What do you do when you meet someone for the first time during the day, the first time after a long while, or the first time, in general? Well, you do the same thing everyone else does — you greet them. Now, when you do it during the day, out loud, it sounds easy enough, but imagine writing an email to someone at 11 p.m. What will you pick to address them at the end, goodnight or good night?
You are not the only one who has run into this issue, mind you. Quite literally millions of people already have problems spelling hundreds of different words, including simple ones like does, often, quit, and peace. And of course, I can’t forget the biggest pet peeve of mine, spelling a lot as one word, i.e., alot. Luckily, the Internet has had enough common sense to mock this phenomenon since at least 2010.
So, is there an answer for picking between goodnight and good night, one that is as clear-cut as the alot situation? Of course not, but you’ll need to know why. Hopefully, this article will teach you the correct spelling so that you’re finally able to pick either goodnight or good night. In addition, you will learn other useful greetings that may come in handy throughout your life.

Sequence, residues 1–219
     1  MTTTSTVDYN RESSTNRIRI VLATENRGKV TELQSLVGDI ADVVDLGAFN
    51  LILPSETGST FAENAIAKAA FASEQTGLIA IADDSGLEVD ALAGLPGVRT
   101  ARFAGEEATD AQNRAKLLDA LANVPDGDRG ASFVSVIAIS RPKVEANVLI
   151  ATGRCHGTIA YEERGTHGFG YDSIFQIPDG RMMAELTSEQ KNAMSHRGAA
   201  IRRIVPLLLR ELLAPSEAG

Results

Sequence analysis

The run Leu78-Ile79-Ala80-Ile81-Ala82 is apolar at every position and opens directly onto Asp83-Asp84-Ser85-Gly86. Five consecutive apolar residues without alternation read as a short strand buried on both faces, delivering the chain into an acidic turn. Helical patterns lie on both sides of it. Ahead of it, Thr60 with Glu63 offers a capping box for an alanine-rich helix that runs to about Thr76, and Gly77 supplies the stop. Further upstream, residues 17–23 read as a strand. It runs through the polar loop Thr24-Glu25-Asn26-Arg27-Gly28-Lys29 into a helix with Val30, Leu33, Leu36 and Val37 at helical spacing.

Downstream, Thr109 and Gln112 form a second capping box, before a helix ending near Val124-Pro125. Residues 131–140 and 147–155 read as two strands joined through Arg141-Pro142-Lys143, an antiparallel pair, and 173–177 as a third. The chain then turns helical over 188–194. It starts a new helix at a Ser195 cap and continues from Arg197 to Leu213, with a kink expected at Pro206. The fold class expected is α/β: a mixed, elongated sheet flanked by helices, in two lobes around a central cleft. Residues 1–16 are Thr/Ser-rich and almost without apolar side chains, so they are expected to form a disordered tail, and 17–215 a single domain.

Goodnight or Good Night: Origins of the ‘Good’ Greetings
Before you decide whether to use goodnight or good night, you need to focus on why you use that little adjective good in the first place.
The phrase good morning has evolved from good morrow, a term used in the 1600s. Quite simply, it was used as a greeting, meaning ‘I wish you a good morning.’ But there’s more to the story than that.
If you look at the German term Guten Morgen and research its history, you’ll find that it was used to address people plowing their fields in the early hours of the day. The word Morgen was actually a unit of measure, similar to an acre.
Other languages actually had their own variant of this word, which also translated into both ‘unit of land’ and ‘early part of the day’ (for example, the Serbo-Croatian jutro). In other words, when a medieval German said Guten Morgen to their neighbor, they wanted them to have both a good morning and a successful plowing session.
Most of the other phrases, such as good afternoon, good day, good evening, and goodnight (or good night), actually came about in the 1800s. In fact, there was an even older expression, good den, which was essentially a shorthand version of saying good ev’n/even, i.e., good evening.
Now, goodbye is a bit different. Most scholars agree that it came from the phrase ‘God be with ye/you’ and that it eventually developed into the form people use today. However, there are at least three other variations of this term:
So, which one is correct? Well, they all are, but the one people use the most seems to be goodbye.